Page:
From The Cancer Chronicles #23
© Sept. 1994 by Ralph W. Moss, Ph.D.

A chicken farmer, who happens to have metastasized stomach cancer, suddenly and miraculously undergoes a complete and lasting disappearance of his tumor. Spontaneous remission? It turns out that just at that time, the man's flock was being devastated by an infectious disease of fowl called Newcastle Disease. The man had contracted a minor infection with Newcastle Disease Virus (NDV). The result of this inconsequential infection was a complete recovery from advanced cancer.

This case was published in Lancet in 1971 by a Hungarian-American scientist named Laszlo Csatary, MD (Lancet 1971;2:825). For nearly three decades, Csatary has been doggedly pursuing his vision of a treatment for cancer that is based on an attenuated, nonpathogenic form of the Newcastle Disease virus. (The worst side effect of NDV in some people is conjunctivitis or pink eye.) The result of his quest has been MTH-68/N, a vaccine made from a weakened strain of the Newcastle disease virus that cured that chicken farmer long ago.

Although Csatary has published in prestigious medical publications, often his papers have been rejected as irrelevant to the current fashions in cancer research. Through his publications and case histories, however, one can conclude that this inexpensive vaccine is sometimes quite effective against not just cancer, but against herpes and hepatitis B infections as well.


The treatment could hardly be simpler; it is taken in the form of a nasal spray. In a Phase II multi-center trial in Budapest, it was recently shown to cause partial or complete tumor regression in eight out of 32 advanced patients (Cancer Detection and Prevention 1993;17:619-627) and symptomatic relief to many others. But although it is non-toxic and relatively inexpensive, and was developed in the US, Americans cannot get it here. Csatary no longer administers the treatment in the US for fear of FDA's reaction.

This summer there have been several promising developments in the MTH-68 story.

On June 21, [1994] there was a large media conference on MTH-68/N at the Hungarian Academy of Sciences, overlooking the Danube. This event was attended by about 150 persons, including many grateful patients. Also present, in addition to Laszlo Csatary and his wife Eva, was Sandor Eckhardt, MD, president of the International Union Against Cancer, and one of the leading cancer researchers in Europe. It was he who supervised the

latest clinical trial. After this conference, it was announced that the newly elected Hungarian government will now allow an unlimited number of patients to be enrolled in the current Phase II trial.

In addition, in the 8/17/94 edition of the Journal of the National Cancer Institute, there is a report on a similar treatment by Robert M. Lorence and colleagues at the Rush Presbyterian-St. Luke's Medical Center in Chicago. They announced the "complete regression of human neuroblastoma" in animals using NDV.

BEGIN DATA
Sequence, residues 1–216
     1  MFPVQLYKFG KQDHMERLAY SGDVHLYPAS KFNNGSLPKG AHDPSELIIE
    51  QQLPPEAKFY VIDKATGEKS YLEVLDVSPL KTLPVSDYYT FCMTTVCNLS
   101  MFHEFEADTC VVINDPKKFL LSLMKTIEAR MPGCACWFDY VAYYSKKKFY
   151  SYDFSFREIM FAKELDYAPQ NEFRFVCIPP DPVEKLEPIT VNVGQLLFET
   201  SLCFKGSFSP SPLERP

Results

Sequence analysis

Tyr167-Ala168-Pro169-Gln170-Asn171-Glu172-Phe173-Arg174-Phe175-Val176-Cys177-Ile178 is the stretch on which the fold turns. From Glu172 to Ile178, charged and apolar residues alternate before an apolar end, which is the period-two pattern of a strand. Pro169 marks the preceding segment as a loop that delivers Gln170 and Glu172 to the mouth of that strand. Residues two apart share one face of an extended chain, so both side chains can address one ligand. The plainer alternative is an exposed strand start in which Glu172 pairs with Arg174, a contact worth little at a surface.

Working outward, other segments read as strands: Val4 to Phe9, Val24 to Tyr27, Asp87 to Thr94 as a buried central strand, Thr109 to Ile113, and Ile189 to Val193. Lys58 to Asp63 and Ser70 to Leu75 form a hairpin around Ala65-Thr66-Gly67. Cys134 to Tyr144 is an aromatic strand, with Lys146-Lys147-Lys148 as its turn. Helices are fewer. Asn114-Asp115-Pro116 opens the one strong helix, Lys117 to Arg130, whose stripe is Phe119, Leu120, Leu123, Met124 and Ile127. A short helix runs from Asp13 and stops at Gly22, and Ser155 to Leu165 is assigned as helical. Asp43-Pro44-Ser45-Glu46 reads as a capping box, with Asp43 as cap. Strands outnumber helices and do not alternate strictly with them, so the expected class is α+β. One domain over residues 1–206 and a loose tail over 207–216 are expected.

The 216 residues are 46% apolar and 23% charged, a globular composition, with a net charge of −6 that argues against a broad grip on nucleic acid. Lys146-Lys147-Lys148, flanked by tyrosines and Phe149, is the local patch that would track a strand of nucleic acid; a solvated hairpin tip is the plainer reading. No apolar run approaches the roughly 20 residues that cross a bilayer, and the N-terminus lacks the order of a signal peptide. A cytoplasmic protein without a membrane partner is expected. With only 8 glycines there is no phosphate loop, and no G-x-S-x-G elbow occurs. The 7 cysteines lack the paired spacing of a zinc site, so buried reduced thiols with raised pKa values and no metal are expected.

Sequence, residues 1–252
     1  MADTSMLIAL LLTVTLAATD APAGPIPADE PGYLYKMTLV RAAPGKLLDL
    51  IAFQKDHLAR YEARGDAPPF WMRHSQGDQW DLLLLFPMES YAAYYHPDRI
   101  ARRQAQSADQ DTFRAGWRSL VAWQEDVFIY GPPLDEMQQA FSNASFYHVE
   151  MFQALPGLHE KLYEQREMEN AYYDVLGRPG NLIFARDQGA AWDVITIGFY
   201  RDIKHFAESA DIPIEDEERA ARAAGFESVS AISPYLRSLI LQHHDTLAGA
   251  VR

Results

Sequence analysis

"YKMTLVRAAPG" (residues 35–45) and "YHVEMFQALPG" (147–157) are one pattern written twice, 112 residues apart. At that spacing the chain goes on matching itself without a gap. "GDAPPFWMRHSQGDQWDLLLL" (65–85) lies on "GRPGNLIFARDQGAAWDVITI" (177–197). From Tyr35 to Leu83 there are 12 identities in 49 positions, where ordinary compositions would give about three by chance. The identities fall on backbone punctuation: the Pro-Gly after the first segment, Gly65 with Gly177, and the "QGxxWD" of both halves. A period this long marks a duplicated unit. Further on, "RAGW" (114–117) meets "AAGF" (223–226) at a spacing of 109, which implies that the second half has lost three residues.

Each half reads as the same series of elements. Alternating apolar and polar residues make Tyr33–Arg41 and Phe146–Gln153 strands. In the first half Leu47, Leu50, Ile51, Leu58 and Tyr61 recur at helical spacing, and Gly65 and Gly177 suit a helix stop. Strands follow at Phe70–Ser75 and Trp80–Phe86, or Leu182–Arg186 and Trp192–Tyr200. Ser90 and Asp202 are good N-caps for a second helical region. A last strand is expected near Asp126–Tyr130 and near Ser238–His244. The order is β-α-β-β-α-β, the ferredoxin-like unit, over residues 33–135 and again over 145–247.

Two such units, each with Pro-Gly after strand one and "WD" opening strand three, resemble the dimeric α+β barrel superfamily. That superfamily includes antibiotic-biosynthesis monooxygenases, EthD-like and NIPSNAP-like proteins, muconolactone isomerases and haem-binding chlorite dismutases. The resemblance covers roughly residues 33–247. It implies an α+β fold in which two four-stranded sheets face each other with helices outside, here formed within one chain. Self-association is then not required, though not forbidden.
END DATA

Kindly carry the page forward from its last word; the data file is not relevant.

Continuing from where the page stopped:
Although a rare cancer, neuroblastoma is the most common extra-cranial solid tumor in children. When this type of human cancer cell was transplanted into 11 "nude mice," a kind of rodent bred to accept human tumor grafts, they grew quickly. However, when a strain of NDV was injected directly into these lesions, "it caused all 11 tumors to regress completely (no palpable or visible tumor remained)," while rapid tumor growth continued in the control animals. The NDV-treated mice were then observed for 12 months, during which time, the Chicago scientists say, only one tumor reappeared. "A second virus treatment on day 23 led to complete regression of this tumor."

Lorence and his colleagues properly credit Dr. Laszlo Csatary for the initial work on NDV and also acknowledge that in the Budapest trial there were good results in about a quarter of the patients tested. There was also a lead editorial in JNCI about this exciting approach.

Ralph W. Moss, Ph.D. is director of the The Moss Reports for cancer patients. Dr. Moss is the author of eleven books and three documentaries on cancer-related topics. He is or has been an advisor on alternative cancer treatments to the National Institutes of Health, the National Cancer Institute, the American Urological Association, Columbia University, the University of Texas, the Susan G. Komen Foundation and the German Society of Oncology. He wrote the first article on alternative medicine for the Encyclopedia Britannica yearbook. He is listed in Marquis Who's Who in America, Who's Who in the World, Who's Who in the East, and Who's Who in Entertainment (as a film documentarian). This Web site does not advocate any particular treatment for cancer. We urge you to always seek competent medical advice for all health problems, especially cancer. Before consulting our site please read our full Disclaimer statement.

home - moss reports - books - - contact - order - news
members - chronicles - faq - free email newsletter